With genetically tailored treatments for cancer and other serious diseases becoming more mainstream, a look back through the DNA of multiple generations within a family will help future physicians better target healthcare plans for patients. However, once a loved one is cremated, or has been interred, their DNA is essentially lost forever. Wouldn’t it make sense to sample a loved one’s DNA at the funeral home, prior to cremation or burial?
Family owned and operated Rosedale Funeral Homes Ltd. (UK) engaged Lyco Works to conduct technical due diligence on a novel DNA preservation technique. “We’d like to offer it to our customers as a service, but we first need to confirm that it’s legitimate technology. This is a very conservative business.” Rosedale’s owners commented.
We set to work, reviewing data, beginning by interviewing the Canadian based inventors of the technology and their newly formed company DNA Memorial, and reviewing their data. We also interviewed a customer who had used DNA Memorial and then had analysis done on a relative’s DNA. We also interviewed the paternity testing lab who performed the genetic analysis on a sample preserved using the new technology, to hear their perspective on the condition of the stored DNA. We also did a dry run, preserving the DNA of a living person and their children.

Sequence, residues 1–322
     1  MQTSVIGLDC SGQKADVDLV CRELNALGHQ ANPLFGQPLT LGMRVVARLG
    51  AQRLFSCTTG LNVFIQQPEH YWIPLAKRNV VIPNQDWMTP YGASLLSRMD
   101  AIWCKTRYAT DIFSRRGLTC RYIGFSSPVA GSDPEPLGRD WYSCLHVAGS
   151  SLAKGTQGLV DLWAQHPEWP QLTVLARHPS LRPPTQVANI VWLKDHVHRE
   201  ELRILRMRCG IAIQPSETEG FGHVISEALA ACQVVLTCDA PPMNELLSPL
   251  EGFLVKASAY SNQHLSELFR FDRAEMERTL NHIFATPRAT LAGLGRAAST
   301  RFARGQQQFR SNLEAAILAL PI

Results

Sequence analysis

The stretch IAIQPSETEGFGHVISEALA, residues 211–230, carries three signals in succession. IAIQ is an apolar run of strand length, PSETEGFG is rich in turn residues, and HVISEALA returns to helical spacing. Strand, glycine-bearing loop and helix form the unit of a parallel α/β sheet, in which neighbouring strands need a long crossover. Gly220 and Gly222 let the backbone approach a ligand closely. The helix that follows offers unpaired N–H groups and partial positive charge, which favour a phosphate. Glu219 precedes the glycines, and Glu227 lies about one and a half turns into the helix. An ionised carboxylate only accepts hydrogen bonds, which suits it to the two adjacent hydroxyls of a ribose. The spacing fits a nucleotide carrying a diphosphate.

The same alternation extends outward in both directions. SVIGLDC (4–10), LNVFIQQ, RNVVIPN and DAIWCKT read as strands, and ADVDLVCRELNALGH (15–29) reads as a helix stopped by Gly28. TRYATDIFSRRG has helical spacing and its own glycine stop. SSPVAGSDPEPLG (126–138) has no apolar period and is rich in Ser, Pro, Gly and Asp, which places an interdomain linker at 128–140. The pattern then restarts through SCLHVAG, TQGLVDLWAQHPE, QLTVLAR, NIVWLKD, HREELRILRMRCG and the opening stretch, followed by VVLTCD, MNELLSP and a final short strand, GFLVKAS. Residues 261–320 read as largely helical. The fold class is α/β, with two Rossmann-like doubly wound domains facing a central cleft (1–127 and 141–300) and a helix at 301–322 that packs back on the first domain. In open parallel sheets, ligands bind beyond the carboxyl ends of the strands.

Several methods for preserving DNA are known, including cryogenic storage – however the technique used by DNA Memorial is unique. It was developed by archeological genetics experts, who studied the rate of degradation of the DNA of ancient mummified human remains under various conditions. From Chilean tombs, to Antarctica, to Egyptian pyramids, DNA in 2,000 year old mummies was assessed for degradation. Their studies showed them that DNA is preserved better by warm dry conditions vs. cold. Using their data, the inventors found a new way to stabilize DNA — by coating it onto silica in an anhydrous inert atmosphere. DNA stored in this way is thought to have a lifetime well in excess of 100 years at room temperature.
The DNA sample can be taken in the form of a mouth swab or hair follicles from the deceased. The samples are sent to Canada for processing, and Rosedale’s customers receive a small sealed vial containing DNA in an amount sufficient for around 50 genetic tests.